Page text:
Hydrogen gas – which is potentially flammable – can arise from the corrosion and degradation of certain types of radioactive waste. Ventilation of hydrogen is a significant engineering challenge for a GDF; new research is required to inform the design of the vaults themselves and size the mechanical ventilation for them. Passive safety in the event of a loss of power is a further consideration.

The release of dense and buoyant gases has been extensively studied, including several recently by the project supervisor (Dr Andrew Lawrie) on determining scaling laws for particular geometries. Here our focus will be to migrate existing understanding of special cases into the more general GDF context to predict the likely evolution of hydrogen concentrations. The key scientific challenge lies in estimating the rate of molecular mixing in a vault environment that will have thermal sources and may become density-stratified.

Laboratory experiments measuring vault circulation and release concentrations directly (primarily using non-invasive optical methods) will provide validation for Computational Fluid Dynamics models that will inform the design of GDF vaults and ventilation structures. A sensitivity analysis of the flow will guide suitable locations for a network of hydrogen leak sensors designed to solve the inverse problem of leak source-finding amongst the many individual radioactive waste packages that will be stored in the vault.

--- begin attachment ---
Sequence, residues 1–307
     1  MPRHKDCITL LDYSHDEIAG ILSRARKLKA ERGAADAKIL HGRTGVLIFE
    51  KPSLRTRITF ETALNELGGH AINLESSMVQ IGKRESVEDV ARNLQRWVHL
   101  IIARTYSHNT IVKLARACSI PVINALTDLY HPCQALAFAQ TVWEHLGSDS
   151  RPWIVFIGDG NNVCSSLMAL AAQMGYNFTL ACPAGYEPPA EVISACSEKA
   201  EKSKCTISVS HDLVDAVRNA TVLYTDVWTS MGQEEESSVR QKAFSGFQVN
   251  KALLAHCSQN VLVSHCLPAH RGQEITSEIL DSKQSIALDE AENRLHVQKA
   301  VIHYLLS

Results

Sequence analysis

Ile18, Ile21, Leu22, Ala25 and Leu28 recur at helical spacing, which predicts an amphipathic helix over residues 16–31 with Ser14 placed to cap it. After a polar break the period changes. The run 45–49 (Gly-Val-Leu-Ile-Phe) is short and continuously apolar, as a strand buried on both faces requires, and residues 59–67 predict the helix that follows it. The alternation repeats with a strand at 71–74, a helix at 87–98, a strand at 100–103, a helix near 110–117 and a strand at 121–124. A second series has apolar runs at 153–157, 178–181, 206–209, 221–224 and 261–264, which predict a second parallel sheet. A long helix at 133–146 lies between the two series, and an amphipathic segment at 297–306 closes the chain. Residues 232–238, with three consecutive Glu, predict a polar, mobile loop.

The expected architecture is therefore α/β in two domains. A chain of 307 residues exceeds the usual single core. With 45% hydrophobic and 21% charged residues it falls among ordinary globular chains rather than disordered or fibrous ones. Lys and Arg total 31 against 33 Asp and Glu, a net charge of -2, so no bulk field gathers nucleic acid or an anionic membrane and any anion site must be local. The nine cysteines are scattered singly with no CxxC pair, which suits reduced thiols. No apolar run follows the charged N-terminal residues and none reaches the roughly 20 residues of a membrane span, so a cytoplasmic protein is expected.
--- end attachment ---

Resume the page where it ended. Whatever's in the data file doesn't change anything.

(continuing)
Candidate Requirements: Applicants must hold/achieve a minimum of a Masters degree (or international equivalent) in one of the following: Aerospace Engineering, Physical Sciences, Mechanical Engineering, Chemical/Process Engineering. Applicants without a Masters qualification may be considered on an exceptional basis, provided they hold a first-class undergraduate degree.

Some experience in programming in a compiled language relevant to the design of numerically intensive simulation is essential.

Institution: The University of Bristol

Supervisor(s): Dr Andrew Lawrie

Sponsor(s): Radioactive Waste Management Ltd